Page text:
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Abbott must keep his promise to fund disability in schools

Letters to the Editor | Posted: Wed, 25 Mar, 2015 11:37 am Updated: Wed, 25 Mar, 2015 11:38 am | | Print
Gonski vision the foundation to lift children with disabilities

As recommended by the Gonski Review, the Abbott Government needs to make good on its broken promise to introduce real needs-based funding for students with disability through a ‘disability loading’.

There are over 100,000 students with disability whose schools receive no support funding - one-third of the total number of students with disability - and many others who get less than they need.

Extra funding for disability should have been flowing to schools this year. But the Abbott Government has failed to keep its election promise to properly fund disability education from 2015.

We cannot wait any longer. Every year funding is denied is another year that children with disability slip further behind.

If children with disability are denied a quality education by an under-funded schools system, this affects the rest of their lives. It makes it harder for them to go on to further education, to get a job, and fully participate in society.

The AEU’s “2015 State of Our Schools Survey” questioned over 3,300 teachers and principals between late February and mid-March  and found that the shortage of funds for students with disability is a major issue for public school principals.

79 per cent of principals surveyed say they do not have enough funding for the needs of children with disability at their school.

An extraordinary 84 per cent of principals say they have had to divert funds from other parts of school budgets because the resources are not there for students with disability.

It is a major concern that 39 per cent of principals say more than 10 per cent of their students has a disability that requires assistance in the classroom, with 16 per cent of principals saying the number was over 20 per cent.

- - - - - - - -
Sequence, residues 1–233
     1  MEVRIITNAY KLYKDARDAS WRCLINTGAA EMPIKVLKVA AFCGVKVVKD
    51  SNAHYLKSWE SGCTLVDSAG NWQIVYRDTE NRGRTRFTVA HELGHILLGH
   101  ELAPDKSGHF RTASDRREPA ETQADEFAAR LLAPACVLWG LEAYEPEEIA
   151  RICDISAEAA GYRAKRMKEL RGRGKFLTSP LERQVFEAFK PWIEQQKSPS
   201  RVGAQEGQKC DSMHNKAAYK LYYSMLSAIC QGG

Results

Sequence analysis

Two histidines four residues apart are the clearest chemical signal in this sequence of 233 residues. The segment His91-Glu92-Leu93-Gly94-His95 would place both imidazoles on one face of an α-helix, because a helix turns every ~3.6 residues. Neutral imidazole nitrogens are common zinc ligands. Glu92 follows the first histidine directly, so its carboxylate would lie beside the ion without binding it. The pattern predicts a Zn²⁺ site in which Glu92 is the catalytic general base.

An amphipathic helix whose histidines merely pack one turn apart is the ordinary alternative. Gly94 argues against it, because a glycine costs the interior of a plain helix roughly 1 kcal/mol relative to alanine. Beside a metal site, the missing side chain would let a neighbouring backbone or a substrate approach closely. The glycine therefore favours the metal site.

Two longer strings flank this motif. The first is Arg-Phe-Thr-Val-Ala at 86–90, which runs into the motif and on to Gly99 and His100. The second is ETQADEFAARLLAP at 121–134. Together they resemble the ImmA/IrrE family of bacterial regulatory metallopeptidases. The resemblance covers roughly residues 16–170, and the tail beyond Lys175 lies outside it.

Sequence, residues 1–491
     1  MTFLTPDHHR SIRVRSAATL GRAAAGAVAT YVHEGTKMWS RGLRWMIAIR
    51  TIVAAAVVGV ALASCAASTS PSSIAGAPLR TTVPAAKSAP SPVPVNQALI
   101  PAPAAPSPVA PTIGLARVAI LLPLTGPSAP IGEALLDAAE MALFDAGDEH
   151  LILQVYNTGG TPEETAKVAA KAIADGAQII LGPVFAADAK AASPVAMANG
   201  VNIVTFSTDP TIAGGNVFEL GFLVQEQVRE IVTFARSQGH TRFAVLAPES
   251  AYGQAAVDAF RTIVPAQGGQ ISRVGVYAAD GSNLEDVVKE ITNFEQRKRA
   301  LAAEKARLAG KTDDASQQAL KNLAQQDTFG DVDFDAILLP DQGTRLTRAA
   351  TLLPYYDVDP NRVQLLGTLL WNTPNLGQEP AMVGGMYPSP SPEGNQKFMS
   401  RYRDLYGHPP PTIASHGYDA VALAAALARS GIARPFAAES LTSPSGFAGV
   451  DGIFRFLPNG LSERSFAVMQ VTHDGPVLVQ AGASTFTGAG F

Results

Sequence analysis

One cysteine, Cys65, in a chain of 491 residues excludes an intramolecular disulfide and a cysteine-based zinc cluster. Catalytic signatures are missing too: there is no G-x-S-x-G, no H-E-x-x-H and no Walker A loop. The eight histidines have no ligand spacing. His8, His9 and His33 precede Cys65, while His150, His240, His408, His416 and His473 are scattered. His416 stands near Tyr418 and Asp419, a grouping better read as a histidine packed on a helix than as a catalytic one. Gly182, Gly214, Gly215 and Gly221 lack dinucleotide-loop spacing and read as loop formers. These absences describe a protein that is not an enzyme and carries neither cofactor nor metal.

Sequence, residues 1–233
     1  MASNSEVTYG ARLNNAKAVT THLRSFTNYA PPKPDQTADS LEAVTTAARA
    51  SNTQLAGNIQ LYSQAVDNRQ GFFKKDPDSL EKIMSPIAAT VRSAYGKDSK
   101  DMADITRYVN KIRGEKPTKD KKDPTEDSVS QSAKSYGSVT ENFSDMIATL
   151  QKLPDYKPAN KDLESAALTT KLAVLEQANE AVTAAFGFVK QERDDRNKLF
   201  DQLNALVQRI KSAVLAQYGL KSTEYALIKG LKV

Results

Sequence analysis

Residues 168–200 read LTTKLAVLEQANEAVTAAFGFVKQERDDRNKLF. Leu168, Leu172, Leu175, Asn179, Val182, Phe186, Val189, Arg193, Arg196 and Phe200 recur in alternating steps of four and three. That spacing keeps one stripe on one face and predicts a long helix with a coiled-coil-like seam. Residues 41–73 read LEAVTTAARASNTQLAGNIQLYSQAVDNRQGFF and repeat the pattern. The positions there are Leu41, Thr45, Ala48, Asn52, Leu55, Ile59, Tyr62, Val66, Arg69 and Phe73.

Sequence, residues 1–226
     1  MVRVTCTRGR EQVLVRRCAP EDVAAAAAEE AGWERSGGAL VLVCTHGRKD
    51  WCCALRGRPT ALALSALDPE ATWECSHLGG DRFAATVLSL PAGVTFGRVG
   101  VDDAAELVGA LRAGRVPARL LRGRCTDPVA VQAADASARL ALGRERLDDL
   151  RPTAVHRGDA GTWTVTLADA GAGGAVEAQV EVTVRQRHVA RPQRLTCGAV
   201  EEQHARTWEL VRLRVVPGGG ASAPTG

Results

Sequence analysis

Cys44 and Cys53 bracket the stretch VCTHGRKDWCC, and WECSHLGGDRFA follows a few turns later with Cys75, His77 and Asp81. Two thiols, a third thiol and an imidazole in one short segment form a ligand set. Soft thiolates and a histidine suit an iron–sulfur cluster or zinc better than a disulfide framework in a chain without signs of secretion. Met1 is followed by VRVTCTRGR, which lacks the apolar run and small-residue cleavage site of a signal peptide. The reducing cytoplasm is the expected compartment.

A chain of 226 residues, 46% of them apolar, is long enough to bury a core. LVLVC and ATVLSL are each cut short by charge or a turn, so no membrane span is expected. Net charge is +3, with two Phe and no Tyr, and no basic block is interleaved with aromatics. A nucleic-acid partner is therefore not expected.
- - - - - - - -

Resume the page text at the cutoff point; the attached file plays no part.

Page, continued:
These numbers are far higher than the 5 per cent of students currently funded. 

Rates of disability are higher for principals of low-social economic status schools, confirming that students with disability are more likely to attend disadvantaged schools, placing further stress on those schools’ budgets.

When principals were asked what they needed: 82 per cent say assistance for teachers in the classroom, 56 per cent say specialist support, and 56 per cent say funding for professional development for teachers.

Clearly, we have an urgent crisis in funding for students with disability, and a Government which has walked away from its promise to fix it.

There are thousands of dedicated educators working to provide children with disability with a good education; but they need the resources to back up their efforts.

We need in-class support, trained professionals like occupational therapists and speech therapists, as well as ensuring that all teachers are trained in how to teach students with disability, and that professional development is available.  

The Gonski Review recognises this huge unmet need and recommends urgent action so a disability loading (covering the full cost of educating all students with disability) could be established as soon as possible.

Both major parties committed at the last election to implementing this loading. Before the 2013 election, the Coalition promised to move in 2015 from a temporary loading that reflects existing, inadequate funding for students with disability to a needs-based measure that for the first time covers all students with disability in schools.

Students with disability have a right to learn and we as a nation have a responsibility to give them an education.

We need to see action in this year’s Federal Budget so schools receive the extra funding they need for children with disability from 2016.

Properly funding education for children with disability will cost money; but it is an investment in ensuring they fully participate in our society, and contribute to our economy.

Otherwise, the Abbott Government has broken its promise and has done nothing to address the huge number of students with disability whose schools receive no funding for them.


Correna Haythorpe
Federal President

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